Feb. 27, 2013 - Issue #906: Tegan and Sara - Pop goes their world
FAVA Profile: Micah Henry
The 20-year-old works as part of a team of three: the third—or utility sound—the boomer operator and a mixer who make sure microphones are hidden, the boom is out of sight and the director's vision comes to life.
"A lot of sound is being as ballsy as you can without getting busted," explains Henry, who also works as a maintenance temp with FAVA. "That's with everything. The actual decibels, you want to get as much as you can without distorting it. With microphones or a boom, you want to get it as close as you can without seeing it."
Henry graduated from the film and video production program at the Southern Alberta Institute of Technology in Calgary only last spring, but he has been working with sound since he was 15, which is also when he began working at FAVA. While attending Victoria School of Performing and Visual Arts, the students were working on a film with professional keys—one of which happened to be filmmaker Katrina Beatty from FAVA. Henry says she scooped him up, in a sense, and got him involved in numerous indie projects around Edmonton before working on sound for her television film I Think I Do, which led to Henry landing a job as a third on the set of the hit TV series Heartland.
"The first couple weeks were pretty tough. There's little room for error and every time you make a little mistake, they find it," he says, but adds he enjoys the long days that come with working on a professional set. "They take it seriously, but they don't take it home with them. The biggest thing I learned was after you have a bad day, just go out in a field at the end of the day and scream. You feel a lot better."
Despite the fast-paced and at times stressful environment, Henry wouldn't have it any other way and notes he was always attracted to the technical side of the industry rather than the creative.
"It's a craft, y'know? It takes a really special kind of person to direct a film or write a film, just writing in general ... I mean, I might as well be doing a trade, but I think mine's a little cooler than a machinist," he laughs, noting good sound can be the difference between a film being perceived as low budget or not. "It's a good feeling just because nothing really rides on your artistic meaning behind something; it just rides on how well you know what you know. I think the world needs both kinds of people."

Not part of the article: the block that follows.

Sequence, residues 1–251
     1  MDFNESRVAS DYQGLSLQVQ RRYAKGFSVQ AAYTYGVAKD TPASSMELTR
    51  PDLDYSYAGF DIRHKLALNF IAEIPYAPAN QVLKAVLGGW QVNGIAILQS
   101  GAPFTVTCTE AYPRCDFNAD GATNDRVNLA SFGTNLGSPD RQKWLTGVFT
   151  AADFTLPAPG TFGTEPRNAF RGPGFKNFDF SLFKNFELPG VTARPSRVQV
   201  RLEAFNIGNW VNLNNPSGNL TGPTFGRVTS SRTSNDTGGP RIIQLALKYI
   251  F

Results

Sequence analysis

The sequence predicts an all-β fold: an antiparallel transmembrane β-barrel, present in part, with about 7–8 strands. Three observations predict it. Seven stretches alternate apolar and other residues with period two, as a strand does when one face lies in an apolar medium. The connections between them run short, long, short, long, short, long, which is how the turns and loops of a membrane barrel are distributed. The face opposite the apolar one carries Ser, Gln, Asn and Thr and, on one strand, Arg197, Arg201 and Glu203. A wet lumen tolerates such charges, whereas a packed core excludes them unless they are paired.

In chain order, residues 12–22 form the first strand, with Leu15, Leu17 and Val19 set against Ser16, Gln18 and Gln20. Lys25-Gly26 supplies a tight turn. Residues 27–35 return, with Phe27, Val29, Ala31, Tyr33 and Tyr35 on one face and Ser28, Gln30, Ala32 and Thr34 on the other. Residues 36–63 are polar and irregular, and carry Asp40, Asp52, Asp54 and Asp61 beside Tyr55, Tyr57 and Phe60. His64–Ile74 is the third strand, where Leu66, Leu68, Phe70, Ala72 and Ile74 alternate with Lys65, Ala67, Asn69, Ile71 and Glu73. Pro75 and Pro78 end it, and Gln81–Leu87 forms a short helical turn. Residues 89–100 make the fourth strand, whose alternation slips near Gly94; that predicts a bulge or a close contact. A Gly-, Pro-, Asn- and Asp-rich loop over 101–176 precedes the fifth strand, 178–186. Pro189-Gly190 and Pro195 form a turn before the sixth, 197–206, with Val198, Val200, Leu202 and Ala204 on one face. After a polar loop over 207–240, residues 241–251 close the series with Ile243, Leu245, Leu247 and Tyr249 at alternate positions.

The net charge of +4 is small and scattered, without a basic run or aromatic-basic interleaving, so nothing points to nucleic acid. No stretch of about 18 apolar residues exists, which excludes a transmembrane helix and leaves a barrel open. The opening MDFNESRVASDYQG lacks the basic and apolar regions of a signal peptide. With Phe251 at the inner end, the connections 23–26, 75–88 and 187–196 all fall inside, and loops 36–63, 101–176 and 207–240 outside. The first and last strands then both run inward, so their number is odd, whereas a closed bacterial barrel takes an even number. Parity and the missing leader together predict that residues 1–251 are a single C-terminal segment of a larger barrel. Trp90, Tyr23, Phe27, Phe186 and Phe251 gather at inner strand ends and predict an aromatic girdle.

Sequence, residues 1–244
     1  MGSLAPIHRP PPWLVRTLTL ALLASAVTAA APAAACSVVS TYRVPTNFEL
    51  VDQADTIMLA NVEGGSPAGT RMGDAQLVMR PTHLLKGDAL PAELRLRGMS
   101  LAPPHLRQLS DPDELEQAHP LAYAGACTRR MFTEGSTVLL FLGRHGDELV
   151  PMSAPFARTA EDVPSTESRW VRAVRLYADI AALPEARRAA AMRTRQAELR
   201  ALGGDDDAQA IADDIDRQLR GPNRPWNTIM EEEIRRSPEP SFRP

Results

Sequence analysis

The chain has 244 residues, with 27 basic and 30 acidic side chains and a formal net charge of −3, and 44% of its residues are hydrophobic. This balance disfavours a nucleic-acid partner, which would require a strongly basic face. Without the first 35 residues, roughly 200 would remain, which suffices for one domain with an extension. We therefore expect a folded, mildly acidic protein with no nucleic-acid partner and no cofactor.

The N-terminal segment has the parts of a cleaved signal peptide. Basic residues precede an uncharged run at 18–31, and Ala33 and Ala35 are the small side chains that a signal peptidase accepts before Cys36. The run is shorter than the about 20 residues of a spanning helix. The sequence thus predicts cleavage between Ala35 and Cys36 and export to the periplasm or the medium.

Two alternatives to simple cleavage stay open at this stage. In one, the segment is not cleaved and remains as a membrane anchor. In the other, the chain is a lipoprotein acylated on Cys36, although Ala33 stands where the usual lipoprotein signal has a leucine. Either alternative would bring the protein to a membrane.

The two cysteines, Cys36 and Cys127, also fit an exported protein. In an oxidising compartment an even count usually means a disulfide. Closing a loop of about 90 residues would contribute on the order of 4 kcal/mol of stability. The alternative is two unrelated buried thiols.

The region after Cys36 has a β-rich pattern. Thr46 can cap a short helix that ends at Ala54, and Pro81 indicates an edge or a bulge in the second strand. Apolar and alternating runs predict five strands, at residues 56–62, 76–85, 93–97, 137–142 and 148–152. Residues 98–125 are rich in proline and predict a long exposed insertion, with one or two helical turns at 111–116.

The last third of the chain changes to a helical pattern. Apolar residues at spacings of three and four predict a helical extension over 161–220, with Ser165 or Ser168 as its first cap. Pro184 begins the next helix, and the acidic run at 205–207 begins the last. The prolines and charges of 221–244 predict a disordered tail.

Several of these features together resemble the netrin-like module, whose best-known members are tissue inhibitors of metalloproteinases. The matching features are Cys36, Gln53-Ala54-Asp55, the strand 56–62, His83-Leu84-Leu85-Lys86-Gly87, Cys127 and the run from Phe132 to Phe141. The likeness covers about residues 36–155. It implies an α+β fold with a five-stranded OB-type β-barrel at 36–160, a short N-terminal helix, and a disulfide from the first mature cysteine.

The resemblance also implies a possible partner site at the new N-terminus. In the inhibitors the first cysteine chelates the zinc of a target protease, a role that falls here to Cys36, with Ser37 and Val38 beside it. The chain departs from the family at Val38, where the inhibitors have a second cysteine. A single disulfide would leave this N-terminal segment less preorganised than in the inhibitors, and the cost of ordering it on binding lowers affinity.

Henry's sound work has extended into music as well, working on music videos and the soundtrack for the upcoming film Agophobia directed by Benjamin Hayden. Henry worked with an experimental music ensemble from Calgary, spending a day and a half in a drainage tunnel with 15 microphones to record the tracks, employing a great deal of trial and error, recording reel-to-reel before outputting to digital.
"We would record one mic onto two tracks and completely distort one of them and bump the bass on the other, and it creates this weird mix of weird rumble to high-pitched distortion ... once you split it then in a stereo track you can manipulate it more," Henry explains.
Aside from film and television—which Henry will be picking up again with season three of Blackstone—he has begun working on documentaries, recently wrapping up filming in the Dominican Republic with Compassion Canada.
"There's definitely a culture shock, but I sort of did my best to distance myself from that—stick to the job at hand," he says. "I want to do my part to help in the way I know how to."
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